The magical world of Alice

While walking through the streets of Pyongyang in North Korea, my government-controlled tour guide Miss Wang inquires about my occupation. “I make arts,” I answer simply. “Mostly I paint landscapes and flowers. My work obviously shows that I am a girl who loves fairytales. As a girl, you need some romance, right?” Wang giggles in agreement. Whilst that answer may be no lie, it is far from the answer I would give to an art critic back home in Amsterdam. To make sure Wang did not sent me straight back to the airport, I left out some essential parts: indeed, my work process resembles that of painting, yet I use photography and computer instead of oil paint and brushes. What I also did not tell Wang is that my work is often politically engaged and explores prejudices about social issues through playful and whimsical stories presented as fairytales. An inspiration for my work comes from the work of the 19th century Dutch writer Eduard Douwes Dekker, especially Max Havelaar I read as a teenager. Knowing he was my distant family member through my grandfather, I valued all the more my emotional connection to this book and read ittime after time. The way Dekker weaves and juxtaposes different visions of stories on the same subject would influence me greatly, which was later incorporated into my own style of storytelling.

Upon graduating the Academy of Art and Design St. Joost in Breda, I embarked on exploring different cultures and societal landscapes. The travels took me to far corners of Asia, including South Korea, China and Vietnam. On magazine assignments, I travelled to cities like Las Vegas, Istanbul, Moscow and Dubai where I shot four stories in 2008. The topics ranged from sheiks’ daughters and their lux teenage life in an upper echelon of Arab society (ELLEgirl) to a story about modern day slavery in labor camps full of immigrants (VICE), a heartbreaking contrast to say the least. Though my editors responded with great enthusiasm to these photographs, I felt dissatisfied with my images for they did not fully capture my true feelings about the subject. I wanted to depict my dreams and fantasies beyond just documenting images and developed a new procedure that could help convey the kind of narratives I wanted to express.I began using photo composites to combine the photographic reality with my own imagination.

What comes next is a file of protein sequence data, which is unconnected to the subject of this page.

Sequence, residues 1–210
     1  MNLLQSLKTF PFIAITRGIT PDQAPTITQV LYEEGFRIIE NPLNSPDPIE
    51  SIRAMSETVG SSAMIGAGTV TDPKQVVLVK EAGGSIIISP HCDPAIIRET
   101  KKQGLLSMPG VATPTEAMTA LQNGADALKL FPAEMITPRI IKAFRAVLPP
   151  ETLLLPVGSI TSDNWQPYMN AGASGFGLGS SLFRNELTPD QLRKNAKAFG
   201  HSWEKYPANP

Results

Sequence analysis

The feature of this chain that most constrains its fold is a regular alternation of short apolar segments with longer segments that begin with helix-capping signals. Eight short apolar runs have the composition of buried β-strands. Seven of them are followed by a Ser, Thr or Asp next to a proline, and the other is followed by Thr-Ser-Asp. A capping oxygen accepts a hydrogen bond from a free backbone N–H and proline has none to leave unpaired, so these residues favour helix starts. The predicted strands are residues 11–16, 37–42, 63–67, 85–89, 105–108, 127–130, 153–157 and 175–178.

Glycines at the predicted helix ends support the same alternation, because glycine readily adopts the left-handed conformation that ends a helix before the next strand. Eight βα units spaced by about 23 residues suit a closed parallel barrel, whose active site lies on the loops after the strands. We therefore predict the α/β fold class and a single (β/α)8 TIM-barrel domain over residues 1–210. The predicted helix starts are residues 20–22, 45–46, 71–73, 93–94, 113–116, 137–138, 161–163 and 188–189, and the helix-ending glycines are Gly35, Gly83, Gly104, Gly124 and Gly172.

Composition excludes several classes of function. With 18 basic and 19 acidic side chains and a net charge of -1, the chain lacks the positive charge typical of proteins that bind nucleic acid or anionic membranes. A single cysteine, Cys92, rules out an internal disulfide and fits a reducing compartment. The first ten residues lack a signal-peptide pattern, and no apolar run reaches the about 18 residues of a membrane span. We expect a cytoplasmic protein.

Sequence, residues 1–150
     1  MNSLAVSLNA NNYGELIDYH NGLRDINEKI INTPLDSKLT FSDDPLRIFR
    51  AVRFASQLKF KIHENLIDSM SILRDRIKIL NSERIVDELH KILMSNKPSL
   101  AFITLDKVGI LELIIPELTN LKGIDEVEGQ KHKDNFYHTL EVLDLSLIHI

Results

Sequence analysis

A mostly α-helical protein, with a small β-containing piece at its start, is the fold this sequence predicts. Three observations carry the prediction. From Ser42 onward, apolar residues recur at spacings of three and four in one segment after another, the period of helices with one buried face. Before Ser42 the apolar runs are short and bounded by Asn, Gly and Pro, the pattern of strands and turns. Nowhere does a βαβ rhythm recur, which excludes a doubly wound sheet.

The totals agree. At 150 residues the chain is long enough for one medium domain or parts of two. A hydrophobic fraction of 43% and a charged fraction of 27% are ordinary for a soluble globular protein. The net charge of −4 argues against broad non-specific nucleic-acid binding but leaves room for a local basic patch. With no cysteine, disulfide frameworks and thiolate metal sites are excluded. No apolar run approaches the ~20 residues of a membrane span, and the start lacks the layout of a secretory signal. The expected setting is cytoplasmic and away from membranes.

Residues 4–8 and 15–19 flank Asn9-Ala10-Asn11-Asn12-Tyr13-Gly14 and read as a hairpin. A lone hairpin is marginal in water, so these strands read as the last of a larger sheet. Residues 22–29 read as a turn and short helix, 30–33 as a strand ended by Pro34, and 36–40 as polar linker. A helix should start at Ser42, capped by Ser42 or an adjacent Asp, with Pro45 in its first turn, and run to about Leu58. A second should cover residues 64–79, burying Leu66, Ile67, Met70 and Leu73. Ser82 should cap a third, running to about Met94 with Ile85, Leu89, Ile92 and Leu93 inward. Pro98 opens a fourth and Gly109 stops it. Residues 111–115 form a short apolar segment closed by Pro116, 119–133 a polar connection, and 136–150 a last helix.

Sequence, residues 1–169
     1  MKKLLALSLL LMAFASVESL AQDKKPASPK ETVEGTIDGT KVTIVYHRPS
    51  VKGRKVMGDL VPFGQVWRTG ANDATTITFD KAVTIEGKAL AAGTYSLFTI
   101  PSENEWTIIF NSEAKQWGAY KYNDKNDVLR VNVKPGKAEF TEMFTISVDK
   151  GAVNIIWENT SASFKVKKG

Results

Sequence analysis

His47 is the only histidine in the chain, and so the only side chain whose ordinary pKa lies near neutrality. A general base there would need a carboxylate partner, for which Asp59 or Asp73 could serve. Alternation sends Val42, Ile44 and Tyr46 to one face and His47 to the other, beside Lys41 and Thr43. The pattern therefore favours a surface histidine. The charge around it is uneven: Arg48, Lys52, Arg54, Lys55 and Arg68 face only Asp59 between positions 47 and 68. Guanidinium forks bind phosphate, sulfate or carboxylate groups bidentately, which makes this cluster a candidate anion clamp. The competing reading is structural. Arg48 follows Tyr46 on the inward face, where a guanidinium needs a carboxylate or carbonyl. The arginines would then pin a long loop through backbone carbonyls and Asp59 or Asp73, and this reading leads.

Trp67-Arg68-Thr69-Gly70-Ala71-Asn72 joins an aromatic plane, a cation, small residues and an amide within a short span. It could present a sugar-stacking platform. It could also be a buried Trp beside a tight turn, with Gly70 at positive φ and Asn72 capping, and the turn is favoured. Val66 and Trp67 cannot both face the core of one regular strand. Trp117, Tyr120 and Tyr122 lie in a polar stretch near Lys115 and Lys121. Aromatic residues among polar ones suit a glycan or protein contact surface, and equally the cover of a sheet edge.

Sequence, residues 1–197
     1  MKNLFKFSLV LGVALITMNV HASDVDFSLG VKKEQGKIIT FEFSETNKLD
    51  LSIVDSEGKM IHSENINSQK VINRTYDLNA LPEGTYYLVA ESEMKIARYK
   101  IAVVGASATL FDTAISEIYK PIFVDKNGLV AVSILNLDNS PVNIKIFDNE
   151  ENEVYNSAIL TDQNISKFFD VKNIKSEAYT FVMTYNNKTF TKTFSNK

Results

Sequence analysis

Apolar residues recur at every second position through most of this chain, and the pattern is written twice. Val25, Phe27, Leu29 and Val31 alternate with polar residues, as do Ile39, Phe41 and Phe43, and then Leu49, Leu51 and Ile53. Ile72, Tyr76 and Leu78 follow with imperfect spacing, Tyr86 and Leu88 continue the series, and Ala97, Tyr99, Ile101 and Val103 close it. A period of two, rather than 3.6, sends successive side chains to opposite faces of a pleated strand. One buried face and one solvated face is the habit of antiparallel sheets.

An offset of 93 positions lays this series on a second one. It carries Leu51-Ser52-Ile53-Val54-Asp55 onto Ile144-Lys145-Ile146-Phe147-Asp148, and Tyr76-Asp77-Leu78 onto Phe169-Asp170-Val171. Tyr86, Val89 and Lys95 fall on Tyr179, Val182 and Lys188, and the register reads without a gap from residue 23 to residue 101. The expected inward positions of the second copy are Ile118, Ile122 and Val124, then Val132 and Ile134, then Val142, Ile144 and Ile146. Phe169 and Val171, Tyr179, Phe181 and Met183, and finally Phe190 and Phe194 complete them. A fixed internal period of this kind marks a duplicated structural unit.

My current project is North Korea, a Life between Propaganda and Reality, in which I reconsider my own presumptions about the most isolated country in the word. I travelled 2,500 kilometers and saw cities with no light, sat at a table in an empty restaurant and looked at the yellow goo dripping from the tap in a fancy hotel foreigners like me were put to stay in. During the government-controlled tour, my guides could not hide the poverty and extreme inequality. Through the window of the van, I could catch a glimpse of North Korea’s reality. Once in a while I saw men lying on the asphalted road to keep themselves warm and saw kids collecting acorns, digging for roots and fishing with their hand-made rods. Then I would see a bunch of well-fed, smiling kids surrounding the great leader Kim Il-sung on a propaganda painting, a stark contrast to the daily life of North Korea. Propaganda persists as an essence of North Korea’s outward existence; it reflects the dream, the hope against a brute reality, often bitter and harsh. In North Korea, a Life between Propaganda and Reality, I try to reconcile the image I was led to believe with the grim reality I encountered by creating a new propaganda. This series will be exhibited in 2015.

The Magical World of Alice

Huisstijl voor Alice Wielinga, Neo-fotografe. Webdesign en printuitingen. Alice construeert haar werk, stukje voor stukje, elk element apart gefotografeerd op verschillende tijdstippen en locaties. Haar verhaal ontstaat zodra zij alle puzzelstukjes op hun plaats laat vallen, waarmee haar fantasie werkelijkheid wordt. 

Opdrachtgever: Alice Wielinga